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1.  Comparison of Novel Risk Markers for Improvement in Cardiovascular Risk Assessment in Intermediate Risk Individuals. The Multi-Ethnic Study of Atherosclerosis 
Risk markers including coronary artery calcium (CAC), carotid intima-media thickness (CIMT), ankle-brachial Index (ABI), brachial flow-mediated dilation (FMD), high sensitivity C -reactive protein (hs-CRP) and family history (FH) of coronary heart disease (CHD) have been reported to improve on the Framingham risk score (FRS) for prediction of CHD. However, there are no direct comparisons of these markers for risk prediction in a single cohort.
We compared improvement in prediction of incident CHD/cardiovascular disease (CVD) of these 6 risk markers within intermediate risk participants (5 % < FRS < 20%) in the Multi-Ethnic Study of Atherosclerosis (MESA).
Design, Setting and Participants
Of 6814 MESA participants from 6 US field centers, 1330 were intermediate risk, without diabetes mellitus, and had complete data on all 6 markers. Recruitment spanned July 2000 to September 2002; follow-up extended through May 2011. Probability- weighted Cox proportional hazard models were used to estimate hazard ratios (HR). Area under the receiver operator characteristic curve (AUC) and net reclassification improvement (NRI) were used to compare incremental contributions of each marker when added to the FRS + race/ethnicity.
Main Outcome Measures
Incident CHD defined as MI, angina followed by revascularization, resuscitated cardiac arrest or CHD death. Incident CVD additionally included stroke or CVD death.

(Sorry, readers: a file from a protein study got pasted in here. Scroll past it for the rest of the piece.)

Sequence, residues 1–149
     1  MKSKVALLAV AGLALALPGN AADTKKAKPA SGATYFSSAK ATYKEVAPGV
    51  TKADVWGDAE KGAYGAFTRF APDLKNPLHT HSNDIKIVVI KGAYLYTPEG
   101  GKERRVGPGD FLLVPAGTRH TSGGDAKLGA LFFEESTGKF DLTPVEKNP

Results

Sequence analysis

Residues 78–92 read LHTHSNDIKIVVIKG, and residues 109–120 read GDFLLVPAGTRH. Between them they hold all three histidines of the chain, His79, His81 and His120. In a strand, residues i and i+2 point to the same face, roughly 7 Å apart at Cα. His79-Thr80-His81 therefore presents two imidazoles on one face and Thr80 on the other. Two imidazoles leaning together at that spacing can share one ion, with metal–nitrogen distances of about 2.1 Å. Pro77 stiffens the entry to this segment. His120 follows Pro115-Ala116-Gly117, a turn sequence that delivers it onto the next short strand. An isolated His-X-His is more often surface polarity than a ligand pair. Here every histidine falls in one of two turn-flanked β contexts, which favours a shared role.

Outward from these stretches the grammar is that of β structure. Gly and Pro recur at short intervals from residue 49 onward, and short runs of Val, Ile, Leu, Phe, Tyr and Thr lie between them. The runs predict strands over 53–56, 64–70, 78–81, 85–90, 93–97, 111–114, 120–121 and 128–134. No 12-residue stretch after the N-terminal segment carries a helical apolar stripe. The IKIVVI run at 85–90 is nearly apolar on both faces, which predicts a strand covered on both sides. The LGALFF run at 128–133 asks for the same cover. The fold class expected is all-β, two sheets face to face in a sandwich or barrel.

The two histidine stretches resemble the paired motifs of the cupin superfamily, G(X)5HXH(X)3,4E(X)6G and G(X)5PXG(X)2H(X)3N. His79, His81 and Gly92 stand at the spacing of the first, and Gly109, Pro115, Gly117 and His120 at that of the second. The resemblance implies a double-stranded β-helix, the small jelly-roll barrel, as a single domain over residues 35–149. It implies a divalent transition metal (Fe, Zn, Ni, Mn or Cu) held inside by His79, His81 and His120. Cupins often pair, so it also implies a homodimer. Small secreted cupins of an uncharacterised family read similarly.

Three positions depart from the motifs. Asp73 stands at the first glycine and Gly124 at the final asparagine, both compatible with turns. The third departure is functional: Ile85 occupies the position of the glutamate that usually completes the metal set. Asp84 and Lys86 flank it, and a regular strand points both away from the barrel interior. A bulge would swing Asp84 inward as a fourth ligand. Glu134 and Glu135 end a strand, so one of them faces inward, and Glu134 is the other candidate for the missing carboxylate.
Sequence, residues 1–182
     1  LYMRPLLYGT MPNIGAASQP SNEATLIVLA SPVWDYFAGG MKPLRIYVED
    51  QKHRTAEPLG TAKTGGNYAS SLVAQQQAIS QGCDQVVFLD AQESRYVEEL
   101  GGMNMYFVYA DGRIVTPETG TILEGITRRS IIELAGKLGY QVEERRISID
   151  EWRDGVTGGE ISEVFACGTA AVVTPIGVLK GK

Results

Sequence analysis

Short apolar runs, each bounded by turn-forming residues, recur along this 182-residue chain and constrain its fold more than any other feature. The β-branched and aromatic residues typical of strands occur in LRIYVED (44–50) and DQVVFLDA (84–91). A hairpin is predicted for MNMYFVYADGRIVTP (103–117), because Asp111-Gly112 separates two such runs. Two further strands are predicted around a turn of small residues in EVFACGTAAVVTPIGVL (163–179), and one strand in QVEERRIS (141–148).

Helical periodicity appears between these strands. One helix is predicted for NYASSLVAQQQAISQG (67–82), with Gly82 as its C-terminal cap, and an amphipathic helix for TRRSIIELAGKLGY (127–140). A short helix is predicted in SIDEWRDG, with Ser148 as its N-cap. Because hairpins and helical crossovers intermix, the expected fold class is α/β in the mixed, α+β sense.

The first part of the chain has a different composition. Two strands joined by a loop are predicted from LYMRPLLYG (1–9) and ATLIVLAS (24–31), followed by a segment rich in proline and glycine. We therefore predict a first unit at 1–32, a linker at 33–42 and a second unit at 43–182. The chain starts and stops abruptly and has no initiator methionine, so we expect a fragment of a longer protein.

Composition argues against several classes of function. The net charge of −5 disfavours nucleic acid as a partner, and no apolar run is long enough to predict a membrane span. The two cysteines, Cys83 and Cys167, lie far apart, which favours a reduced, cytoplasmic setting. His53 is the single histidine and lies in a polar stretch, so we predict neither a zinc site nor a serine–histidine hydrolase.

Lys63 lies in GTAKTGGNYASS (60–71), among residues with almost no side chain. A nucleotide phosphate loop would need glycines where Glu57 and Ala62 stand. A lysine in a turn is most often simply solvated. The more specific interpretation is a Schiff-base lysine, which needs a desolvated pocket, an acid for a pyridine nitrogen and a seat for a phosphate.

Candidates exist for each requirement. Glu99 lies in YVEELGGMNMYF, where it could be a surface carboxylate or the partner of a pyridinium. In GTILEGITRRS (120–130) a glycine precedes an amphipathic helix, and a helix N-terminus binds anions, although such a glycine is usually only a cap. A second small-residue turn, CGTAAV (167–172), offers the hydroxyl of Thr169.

After median follow-up of 7.6 years (IQR 7.3 – 7.8 years), 94 CHD and 123 CVD events occurred. CAC, ABI, hs-CRP and FH were independently associated with incident CHD in multivariable analyses [HR (95%CI: 2.60(1.94-3.50), 0.79(0.66-0.95), 1.28(1.00-1.64) and 2.18(1.38-3.42) respectively]. CIMT and FMD were not associated with incident CHD in multivariable analyses [HR (95%CI) 1.17(0.95- 1.45) and 0.95(0.78 −1.14) respectively]. Although the addition of the markers individually to the FRS +race/ethnicity improved the AUC, CAC afforded the highest increment (0.623 vs. 0.784) while FMD afforded the least [0.623 vs. 0.639]. For incident CHD, the NRI with CAC was 0.659, FMD 0.024, ABI 0.036, CIMT 0.102, FH 0.160 and hs-CRP 0.079. Similar results were obtained for incident CVD.
CAC, ABI, hs-CRP and FH are independent predictors of incident CHD/CVD in intermediate risk individuals. CAC provides superior discrimination and risk reclassification compared with other risk markers.
PMCID: PMC4141475  PMID: 22910756
2.  Relationship of Carotid Distensibility and Thoracic Aorta Calcification: Multi-Ethnic Study of Atherosclerosis (MESA) 
Hypertension  2009;54(6):1408-1415.
Stiffening of the central elastic arteries is one of the earliest detectable manifestations of adverse change within the vessel wall. While an association between carotid artery stiffness and adverse events has been demonstrated, little is known about the relationship between stiffness and atherosclerosis. Even less is known about the impact of age, gender, and race on this association. To elucidate this question, we used baseline data from the Multi-Ethnic Study of Atherosclerosis (MESA, 2000-2002). Carotid artery distensibility coefficient (DC) was calculated after visualization of the instantaneous waveform of common carotid diameter using high resolution B-mode ultrasound. Thoracic aorta calcification (TAC) was identified using non-contrast cardiac CT. We found a strong association between decreasing DC (increasing carotid stiffness) and increasing TAC as well as a graded increase in TAC score (p<0.001). After controlling for age, gender, race, and traditional and emerging cardiovascular risk factors, individuals in the stiffest quartile had a prevalence ratio of 1.52 (95% CI 1.15-2.00) for TAC compared to the least stiff quartile. In exploratory analysis, carotid stiffness was more highly correlated with calcification of the aorta than calcification of the coronary arteries (ρ=0.32 vs. 0.22, p<0.001 for comparison). In conclusion, there is a strong independent association between carotid stiffness and thoracic aorta calcification. Carotid stiffness is more highly correlated with calcification of the aorta, a central elastic artery, than calcification of the coronary arteries. The prognostic significance of these findings requires longitudinal follow-up of the MESA cohort.